Written by Forest & Bird
Forest & Bird’s Seabird Conservation Advocate Karen Baird is used to seeing petrels and shearwaters skimming over the waves at sea, rather than having to identify their dead bodies encased in black tar-like lumps of oil.
New Zealand Dotterel is in breeding plumage. The future local breeding population along the Bay of Plenty is uncertain. © Neil Fitzgerald
Karen has been working in conservation for around 25 years and has never before been involved in a similar operation to the Bay of Plenty oil spill disaster.
Since the disaster unfolded, some of her work has been at the Oiled Wildlife Response Centre in Mt Maunganui, identifying dead birds that have been washed ashore in the Bay of Plenty. “When you start doing this work, it is really shocking, they don’t look like birds, they are totally covered in oil.”
“They are brought into the centre in bags and you might find half a dozen stuck together in a tar-like mess.”
But Karen realises the identification work she and other scientists have been doing is essential to try to gauge the impact of the Rena oil spill and its likely long-term effects. “From a conservation point of view, it is important to have an idea of how many birds of a particular species died, especially for some of the more endangered ones,” she said.
“We know where the breeding colonies are, so it will be important to check the colonies of some of the worst affected species.”
The impact of the oil spill is likely to be felt well into the future.
“Many birds from the species that are breeding locally will lose this breeding season and there is the potential to lose next season as well, because some surviving birds are likely to remain in poor health or have damaged breeding ability.”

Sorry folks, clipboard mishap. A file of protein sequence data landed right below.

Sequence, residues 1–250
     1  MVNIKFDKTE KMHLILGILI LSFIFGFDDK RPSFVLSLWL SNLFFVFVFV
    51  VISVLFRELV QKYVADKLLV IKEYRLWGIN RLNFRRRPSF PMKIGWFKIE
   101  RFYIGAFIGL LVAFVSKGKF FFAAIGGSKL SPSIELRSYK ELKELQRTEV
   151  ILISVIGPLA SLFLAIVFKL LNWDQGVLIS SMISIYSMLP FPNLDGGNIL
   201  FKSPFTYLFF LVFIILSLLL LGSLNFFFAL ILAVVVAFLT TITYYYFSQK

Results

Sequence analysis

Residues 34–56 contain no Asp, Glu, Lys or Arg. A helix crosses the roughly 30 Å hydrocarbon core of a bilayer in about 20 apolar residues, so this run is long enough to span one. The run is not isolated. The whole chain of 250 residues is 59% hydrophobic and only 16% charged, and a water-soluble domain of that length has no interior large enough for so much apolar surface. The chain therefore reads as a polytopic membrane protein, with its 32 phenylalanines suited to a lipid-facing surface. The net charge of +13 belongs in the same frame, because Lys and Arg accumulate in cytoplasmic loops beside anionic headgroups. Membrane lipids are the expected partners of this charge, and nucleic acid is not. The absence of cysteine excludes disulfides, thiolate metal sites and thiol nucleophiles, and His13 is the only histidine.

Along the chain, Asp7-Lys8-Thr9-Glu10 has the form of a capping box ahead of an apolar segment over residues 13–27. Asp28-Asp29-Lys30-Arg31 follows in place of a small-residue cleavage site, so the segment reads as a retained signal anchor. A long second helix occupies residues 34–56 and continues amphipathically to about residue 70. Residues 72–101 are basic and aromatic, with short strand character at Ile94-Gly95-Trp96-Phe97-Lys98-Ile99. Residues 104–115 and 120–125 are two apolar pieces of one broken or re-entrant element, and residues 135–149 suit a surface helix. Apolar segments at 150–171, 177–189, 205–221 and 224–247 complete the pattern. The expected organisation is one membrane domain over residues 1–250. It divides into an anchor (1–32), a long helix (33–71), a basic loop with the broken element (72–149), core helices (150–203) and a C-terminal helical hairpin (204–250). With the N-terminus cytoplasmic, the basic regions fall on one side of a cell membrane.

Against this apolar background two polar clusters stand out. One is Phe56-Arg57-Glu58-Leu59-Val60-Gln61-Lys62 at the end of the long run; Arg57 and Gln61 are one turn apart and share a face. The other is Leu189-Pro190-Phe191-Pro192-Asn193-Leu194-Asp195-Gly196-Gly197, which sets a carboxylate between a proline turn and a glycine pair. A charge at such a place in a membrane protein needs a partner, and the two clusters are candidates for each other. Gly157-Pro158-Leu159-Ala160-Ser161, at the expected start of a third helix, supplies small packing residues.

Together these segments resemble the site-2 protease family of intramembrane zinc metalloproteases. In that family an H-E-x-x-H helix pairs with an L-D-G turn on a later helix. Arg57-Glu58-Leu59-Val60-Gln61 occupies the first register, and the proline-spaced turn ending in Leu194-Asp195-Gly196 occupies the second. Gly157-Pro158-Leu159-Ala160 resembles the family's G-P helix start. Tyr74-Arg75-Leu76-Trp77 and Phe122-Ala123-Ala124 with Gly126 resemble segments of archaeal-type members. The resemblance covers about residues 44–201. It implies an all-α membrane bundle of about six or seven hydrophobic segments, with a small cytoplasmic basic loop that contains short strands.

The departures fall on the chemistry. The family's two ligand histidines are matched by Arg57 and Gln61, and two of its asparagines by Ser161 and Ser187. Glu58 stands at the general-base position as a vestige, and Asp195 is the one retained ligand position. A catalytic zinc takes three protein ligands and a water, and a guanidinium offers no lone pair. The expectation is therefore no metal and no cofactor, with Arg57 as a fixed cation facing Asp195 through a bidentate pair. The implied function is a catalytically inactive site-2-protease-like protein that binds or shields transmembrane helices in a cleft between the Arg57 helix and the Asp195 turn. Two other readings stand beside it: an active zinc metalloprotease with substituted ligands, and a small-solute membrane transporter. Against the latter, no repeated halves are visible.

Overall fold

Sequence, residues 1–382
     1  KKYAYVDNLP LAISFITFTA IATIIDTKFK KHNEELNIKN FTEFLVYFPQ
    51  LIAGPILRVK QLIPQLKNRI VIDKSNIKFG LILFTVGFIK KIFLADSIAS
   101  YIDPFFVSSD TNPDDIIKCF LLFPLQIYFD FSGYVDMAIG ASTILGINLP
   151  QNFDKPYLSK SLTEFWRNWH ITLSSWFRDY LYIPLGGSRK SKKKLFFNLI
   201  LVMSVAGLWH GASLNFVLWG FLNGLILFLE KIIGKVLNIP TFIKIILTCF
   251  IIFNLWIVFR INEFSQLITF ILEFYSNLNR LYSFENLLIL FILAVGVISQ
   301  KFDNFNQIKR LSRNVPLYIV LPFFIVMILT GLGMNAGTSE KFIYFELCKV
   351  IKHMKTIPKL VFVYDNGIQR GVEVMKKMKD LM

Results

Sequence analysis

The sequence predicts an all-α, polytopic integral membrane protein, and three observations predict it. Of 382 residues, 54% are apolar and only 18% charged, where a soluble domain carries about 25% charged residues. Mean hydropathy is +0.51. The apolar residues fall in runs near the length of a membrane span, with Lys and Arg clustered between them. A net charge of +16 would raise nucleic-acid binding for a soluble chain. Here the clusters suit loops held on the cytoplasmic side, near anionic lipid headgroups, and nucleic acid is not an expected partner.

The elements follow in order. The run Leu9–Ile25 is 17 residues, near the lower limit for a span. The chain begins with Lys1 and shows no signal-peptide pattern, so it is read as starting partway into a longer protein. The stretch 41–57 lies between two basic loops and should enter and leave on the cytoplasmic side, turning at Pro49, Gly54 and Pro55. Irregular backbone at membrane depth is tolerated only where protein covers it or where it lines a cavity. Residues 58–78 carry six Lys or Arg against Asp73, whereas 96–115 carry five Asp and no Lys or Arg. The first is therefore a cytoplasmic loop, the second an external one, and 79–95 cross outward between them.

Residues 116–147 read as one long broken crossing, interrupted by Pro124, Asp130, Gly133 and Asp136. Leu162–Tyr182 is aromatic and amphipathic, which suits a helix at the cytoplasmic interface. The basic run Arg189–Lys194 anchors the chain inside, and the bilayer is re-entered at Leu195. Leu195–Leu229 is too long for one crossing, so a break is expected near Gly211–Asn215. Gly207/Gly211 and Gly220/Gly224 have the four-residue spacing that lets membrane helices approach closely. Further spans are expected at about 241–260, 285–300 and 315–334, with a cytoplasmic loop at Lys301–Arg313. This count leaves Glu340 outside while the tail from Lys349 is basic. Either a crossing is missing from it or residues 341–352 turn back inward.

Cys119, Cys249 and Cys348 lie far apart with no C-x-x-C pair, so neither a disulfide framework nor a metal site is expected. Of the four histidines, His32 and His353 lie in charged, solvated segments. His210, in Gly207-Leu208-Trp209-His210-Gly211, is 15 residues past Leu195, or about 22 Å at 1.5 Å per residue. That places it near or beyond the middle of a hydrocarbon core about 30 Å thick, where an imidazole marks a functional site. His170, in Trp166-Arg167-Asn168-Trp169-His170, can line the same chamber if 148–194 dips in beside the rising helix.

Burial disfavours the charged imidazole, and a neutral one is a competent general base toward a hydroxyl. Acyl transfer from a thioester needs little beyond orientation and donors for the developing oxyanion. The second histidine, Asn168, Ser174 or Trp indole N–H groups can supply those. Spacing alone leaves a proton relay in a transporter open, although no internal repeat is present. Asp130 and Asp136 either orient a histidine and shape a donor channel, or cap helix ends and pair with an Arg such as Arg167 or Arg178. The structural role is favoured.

The dead birds brought into the Oiled Wildlife Response Centre are the tip of the iceberg. “Most of the birds that get covered in oil probably sink and disappear from sight forever,” she said. By late Thursday, more than 900 dead birds had been identified, comprising 23 species. These included 458 diving petrels, 198 fluttering shearwaters, 92 Buller’s Shearwaters, 38 White-faced Storm Petrels and 20 Little Blue Penguins.
Many are likely to have died by drowning, while others probably were killed by cold after the protective waterproof coating on their feathers was stripped away by the fuel oil. Among the victims of the spill, there have been some surprises. The species have included mottled petrels, blue petrels and Antarctic Prions, which are rarely found in the Bay of Plenty area. The response centre was treating around 100 live birds Friday, and looking after three penguin chicks and three seals.
There were also 13 unharmed New Zealand Dotterels being held in a temporary aviary after being taken off their beaches after the oil pollution spread east along the Bay of Plenty coast. New Zealand Dotterels are endangered, with around only 1,500 birds known to exist, and some of their main habitats are found along the Bay of Plenty coast.